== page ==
Research Topic

Natural Products in Animal Feed and Production Systems

About this Research Topic

Antibiotics, anthelmintics and other drugs have been incorporated into animal feed for over 60 years. Combined with other advances, this has allowed animal production systems to become more concentrated, intensive, and productive. However, public perception is that use of antibiotics as growth promoters is linked to an increase in microbial resistance, and there is evidence that workers on farms that use feed antibiotics do carry more antibiotic-resistant bacteria. As concerns mount, there has been an increase in regulations implemented that restricts usage. Moreover, resistance to both antibiotics and anthelmintics are an increasing problem for animal industries. In response, there has been a surge in work looking for effective compounds that can replace pharmaceutical antibiotics, drugs, and growth promoters for example as they become less effective and available. As animal production is asked to continually produce more with fewer tools, this is a topic that is of increasing interest on a global stage.

This aim of this Research Topic is to characterize existing or novel natural compounds that have the potential to advance livestock production efficiency.

Contributions are welcome that address or explore:
• Antibiotic substitute
• Anthelmintic substitute
• Anabolic steroid substitute
• Fly treatments
• Other compounds commonly used to promote sustainable livestock production
• Extension/socio-economic adoption of new compounds in existing productions systems


Keywords: Antibiotic, anthelmintic, growth promoter, natural product, livestock


Important Note: All contributions to this Research Topic must be within the scope of the section and journal to which they are submitted, as defined in their mission statements. Frontiers reserves the right to guide an out-of-scope manuscript to a more suitable section or journal at any stage of peer review.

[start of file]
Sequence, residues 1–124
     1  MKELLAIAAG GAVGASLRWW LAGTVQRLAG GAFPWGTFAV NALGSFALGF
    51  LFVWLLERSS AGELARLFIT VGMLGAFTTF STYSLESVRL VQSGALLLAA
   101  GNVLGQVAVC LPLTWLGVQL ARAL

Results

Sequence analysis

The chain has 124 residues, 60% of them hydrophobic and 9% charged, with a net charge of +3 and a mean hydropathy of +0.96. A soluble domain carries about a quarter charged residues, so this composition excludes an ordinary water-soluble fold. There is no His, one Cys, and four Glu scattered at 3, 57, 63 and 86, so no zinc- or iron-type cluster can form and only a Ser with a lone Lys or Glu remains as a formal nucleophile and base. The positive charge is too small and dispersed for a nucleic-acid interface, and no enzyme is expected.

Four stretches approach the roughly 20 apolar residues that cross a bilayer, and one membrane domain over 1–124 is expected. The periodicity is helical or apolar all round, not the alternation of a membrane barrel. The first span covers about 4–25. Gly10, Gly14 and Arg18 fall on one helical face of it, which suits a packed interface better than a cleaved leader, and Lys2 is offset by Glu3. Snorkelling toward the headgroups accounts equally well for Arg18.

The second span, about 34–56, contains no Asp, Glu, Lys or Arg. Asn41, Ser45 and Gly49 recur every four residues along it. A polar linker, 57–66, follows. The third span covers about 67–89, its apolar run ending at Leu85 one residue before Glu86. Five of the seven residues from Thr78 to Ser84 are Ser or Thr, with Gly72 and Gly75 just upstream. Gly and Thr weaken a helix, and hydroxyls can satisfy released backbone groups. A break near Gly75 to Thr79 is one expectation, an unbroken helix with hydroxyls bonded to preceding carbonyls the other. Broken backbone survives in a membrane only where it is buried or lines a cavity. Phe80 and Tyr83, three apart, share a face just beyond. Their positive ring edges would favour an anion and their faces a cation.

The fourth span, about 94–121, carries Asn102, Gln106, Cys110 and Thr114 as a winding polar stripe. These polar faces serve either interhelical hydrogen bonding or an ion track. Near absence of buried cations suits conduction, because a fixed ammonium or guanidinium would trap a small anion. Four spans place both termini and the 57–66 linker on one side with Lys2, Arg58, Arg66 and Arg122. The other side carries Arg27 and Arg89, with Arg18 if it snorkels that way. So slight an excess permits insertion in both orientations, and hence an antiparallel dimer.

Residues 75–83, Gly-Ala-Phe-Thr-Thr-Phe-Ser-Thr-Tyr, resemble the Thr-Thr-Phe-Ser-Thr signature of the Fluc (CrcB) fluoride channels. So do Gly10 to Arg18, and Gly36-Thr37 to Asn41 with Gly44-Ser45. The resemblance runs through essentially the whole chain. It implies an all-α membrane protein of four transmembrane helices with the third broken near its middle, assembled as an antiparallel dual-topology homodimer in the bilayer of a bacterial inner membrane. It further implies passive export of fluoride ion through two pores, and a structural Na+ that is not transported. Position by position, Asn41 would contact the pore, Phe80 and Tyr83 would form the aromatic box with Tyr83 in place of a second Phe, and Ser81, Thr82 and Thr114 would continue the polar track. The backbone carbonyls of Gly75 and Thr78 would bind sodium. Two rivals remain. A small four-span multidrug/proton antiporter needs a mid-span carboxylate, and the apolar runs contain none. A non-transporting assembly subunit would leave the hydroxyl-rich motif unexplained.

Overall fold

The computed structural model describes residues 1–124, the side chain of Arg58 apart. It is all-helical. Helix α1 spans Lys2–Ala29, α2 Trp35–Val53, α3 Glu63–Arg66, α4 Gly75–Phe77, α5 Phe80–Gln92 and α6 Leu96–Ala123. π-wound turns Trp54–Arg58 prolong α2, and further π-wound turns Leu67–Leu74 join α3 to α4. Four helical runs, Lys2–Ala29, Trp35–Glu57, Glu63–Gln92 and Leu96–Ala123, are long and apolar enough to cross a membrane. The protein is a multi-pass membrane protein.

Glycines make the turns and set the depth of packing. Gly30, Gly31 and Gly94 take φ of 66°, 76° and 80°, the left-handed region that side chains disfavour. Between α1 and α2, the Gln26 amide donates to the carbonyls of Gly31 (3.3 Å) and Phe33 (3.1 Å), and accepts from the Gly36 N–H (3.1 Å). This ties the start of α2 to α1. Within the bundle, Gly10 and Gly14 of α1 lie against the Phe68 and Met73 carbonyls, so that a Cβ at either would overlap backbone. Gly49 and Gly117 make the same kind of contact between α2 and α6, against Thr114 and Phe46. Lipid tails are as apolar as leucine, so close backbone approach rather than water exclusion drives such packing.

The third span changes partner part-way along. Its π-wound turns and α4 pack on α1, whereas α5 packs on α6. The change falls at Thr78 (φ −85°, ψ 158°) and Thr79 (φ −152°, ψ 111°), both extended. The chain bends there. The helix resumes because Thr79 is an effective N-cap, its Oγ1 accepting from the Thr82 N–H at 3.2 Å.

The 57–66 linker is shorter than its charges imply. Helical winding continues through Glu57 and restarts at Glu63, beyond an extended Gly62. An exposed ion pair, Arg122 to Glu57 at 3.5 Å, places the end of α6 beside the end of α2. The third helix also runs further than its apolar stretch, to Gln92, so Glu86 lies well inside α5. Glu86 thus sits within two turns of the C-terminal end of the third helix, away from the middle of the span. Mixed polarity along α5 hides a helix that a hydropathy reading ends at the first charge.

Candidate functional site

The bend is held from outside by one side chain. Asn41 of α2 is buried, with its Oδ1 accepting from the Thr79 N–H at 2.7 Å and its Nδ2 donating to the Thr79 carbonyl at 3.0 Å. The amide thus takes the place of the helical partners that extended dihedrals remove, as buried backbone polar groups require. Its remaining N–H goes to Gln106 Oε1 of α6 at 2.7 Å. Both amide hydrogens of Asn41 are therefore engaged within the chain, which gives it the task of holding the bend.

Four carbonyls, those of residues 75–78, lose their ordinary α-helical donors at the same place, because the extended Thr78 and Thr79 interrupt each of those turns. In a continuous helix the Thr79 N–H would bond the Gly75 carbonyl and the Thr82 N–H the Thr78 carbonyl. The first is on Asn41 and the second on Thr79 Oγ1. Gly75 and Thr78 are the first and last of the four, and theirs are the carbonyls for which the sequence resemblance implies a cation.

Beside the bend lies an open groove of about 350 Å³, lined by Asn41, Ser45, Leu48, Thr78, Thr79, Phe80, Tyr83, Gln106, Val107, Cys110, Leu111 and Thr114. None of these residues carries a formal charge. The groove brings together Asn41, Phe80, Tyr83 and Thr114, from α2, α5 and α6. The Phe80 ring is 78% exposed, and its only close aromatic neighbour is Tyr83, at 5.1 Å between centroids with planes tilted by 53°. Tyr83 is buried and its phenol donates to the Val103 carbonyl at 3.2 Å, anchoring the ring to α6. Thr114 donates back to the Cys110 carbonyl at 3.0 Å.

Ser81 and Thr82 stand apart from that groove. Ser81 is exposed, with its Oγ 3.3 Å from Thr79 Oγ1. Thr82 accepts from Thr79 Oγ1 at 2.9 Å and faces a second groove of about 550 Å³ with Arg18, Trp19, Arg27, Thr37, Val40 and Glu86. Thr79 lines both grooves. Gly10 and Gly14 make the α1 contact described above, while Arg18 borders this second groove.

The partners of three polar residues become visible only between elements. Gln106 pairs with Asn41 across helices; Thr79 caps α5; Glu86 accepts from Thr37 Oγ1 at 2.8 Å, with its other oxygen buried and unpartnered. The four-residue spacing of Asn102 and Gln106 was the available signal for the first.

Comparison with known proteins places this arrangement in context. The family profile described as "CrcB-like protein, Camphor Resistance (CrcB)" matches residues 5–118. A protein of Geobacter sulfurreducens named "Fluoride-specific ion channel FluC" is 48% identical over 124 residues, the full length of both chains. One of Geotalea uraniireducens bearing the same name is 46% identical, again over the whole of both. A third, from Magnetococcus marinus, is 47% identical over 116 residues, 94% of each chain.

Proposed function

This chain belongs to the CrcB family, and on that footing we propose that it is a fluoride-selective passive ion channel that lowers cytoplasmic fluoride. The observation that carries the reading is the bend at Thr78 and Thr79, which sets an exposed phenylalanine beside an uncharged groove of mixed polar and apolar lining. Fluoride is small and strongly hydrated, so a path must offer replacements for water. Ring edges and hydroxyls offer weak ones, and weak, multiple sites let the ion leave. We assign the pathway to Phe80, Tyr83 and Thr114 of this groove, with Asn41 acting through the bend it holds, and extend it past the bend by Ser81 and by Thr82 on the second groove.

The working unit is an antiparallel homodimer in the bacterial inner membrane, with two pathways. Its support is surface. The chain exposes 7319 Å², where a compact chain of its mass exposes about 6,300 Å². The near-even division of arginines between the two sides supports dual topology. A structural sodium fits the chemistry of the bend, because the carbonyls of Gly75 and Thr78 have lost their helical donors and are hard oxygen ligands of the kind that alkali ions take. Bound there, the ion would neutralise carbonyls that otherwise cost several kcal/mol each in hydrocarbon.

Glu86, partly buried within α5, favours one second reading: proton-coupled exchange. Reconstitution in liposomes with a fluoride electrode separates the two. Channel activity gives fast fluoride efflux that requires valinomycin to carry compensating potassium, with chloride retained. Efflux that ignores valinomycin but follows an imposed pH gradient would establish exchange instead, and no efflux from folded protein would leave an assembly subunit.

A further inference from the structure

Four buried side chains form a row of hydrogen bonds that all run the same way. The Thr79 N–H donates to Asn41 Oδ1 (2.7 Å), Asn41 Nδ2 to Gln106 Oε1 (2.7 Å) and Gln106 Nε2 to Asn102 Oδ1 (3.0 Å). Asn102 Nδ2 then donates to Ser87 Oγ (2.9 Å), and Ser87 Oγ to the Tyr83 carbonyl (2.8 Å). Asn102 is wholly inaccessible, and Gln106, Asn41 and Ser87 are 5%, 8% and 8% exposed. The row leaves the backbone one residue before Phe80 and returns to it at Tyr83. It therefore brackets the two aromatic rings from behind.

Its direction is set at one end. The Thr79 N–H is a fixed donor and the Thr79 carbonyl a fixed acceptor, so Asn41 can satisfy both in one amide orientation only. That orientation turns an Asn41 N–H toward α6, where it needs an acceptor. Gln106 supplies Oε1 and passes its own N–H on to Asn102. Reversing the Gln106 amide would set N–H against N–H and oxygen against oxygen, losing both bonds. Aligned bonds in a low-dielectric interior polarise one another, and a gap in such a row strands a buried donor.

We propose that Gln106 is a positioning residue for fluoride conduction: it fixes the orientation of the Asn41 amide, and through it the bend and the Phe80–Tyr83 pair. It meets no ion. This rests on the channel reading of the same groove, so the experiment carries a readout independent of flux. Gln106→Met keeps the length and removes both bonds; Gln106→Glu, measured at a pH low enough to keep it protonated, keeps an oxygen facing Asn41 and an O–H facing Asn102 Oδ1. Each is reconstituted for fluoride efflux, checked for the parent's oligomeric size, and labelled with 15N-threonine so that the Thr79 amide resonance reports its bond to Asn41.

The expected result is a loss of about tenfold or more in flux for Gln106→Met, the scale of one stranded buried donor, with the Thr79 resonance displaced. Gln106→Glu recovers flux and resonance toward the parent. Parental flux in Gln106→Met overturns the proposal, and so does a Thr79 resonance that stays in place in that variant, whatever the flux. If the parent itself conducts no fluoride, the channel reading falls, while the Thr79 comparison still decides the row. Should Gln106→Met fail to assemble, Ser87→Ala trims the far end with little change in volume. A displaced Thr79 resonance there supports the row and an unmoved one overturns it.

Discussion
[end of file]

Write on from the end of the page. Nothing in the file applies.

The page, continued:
Antibiotics, anthelmintics and other drugs have been incorporated into animal feed for over 60 years. Combined with other advances, this has allowed animal production systems to become more concentrated, intensive, and productive. However, public perception is that use of antibiotics as growth promoters is linked to an increase in microbial resistance, and there is evidence that workers on farms that use feed antibiotics do carry more antibiotic-resistant bacteria. As concerns mount, there has been an increase in regulations implemented that restricts usage. Moreover, resistance to both antibiotics and anthelmintics are an increasing problem for animal industries. In response, there has been a surge in work looking for effective compounds that can replace pharmaceutical antibiotics, drugs, and growth promoters for example as they become less effective and available. As animal production is asked to continually produce more with fewer tools, this is a topic that is of increasing interest on a global stage.

This aim of this Research Topic is to characterize existing or novel natural compounds that have the potential to advance livestock production efficiency.

Contributions are welcome that address or explore:
• Antibiotic substitute
• Anthelmintic substitute
• Anabolic steroid substitute
• Fly treatments
• Other compounds commonly used to promote sustainable livestock production
• Extension/socio-economic adoption of new compounds in existing productions systems


Keywords: Antibiotic, anthelmintic, growth promoter, natural product, livestock


Important Note: All contributions to this Research Topic must be within the scope of the section and journal to which they are submitted, as defined in their mission statements. Frontiers reserves the right to guide an out-of-scope manuscript to a more suitable section or journal at any stage of peer review.

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Submission Deadlines

05 February 2021 Abstract
05 June 2021 Manuscript

Participating Journals

Manuscripts can be submitted to this Research Topic via the following journals:

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Topic Editors

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Submission Deadlines

05 February 2021 Abstract
05 June 2021 Manuscript

Participating Journals

Manuscripts can be submitted to this Research Topic via the following journals:

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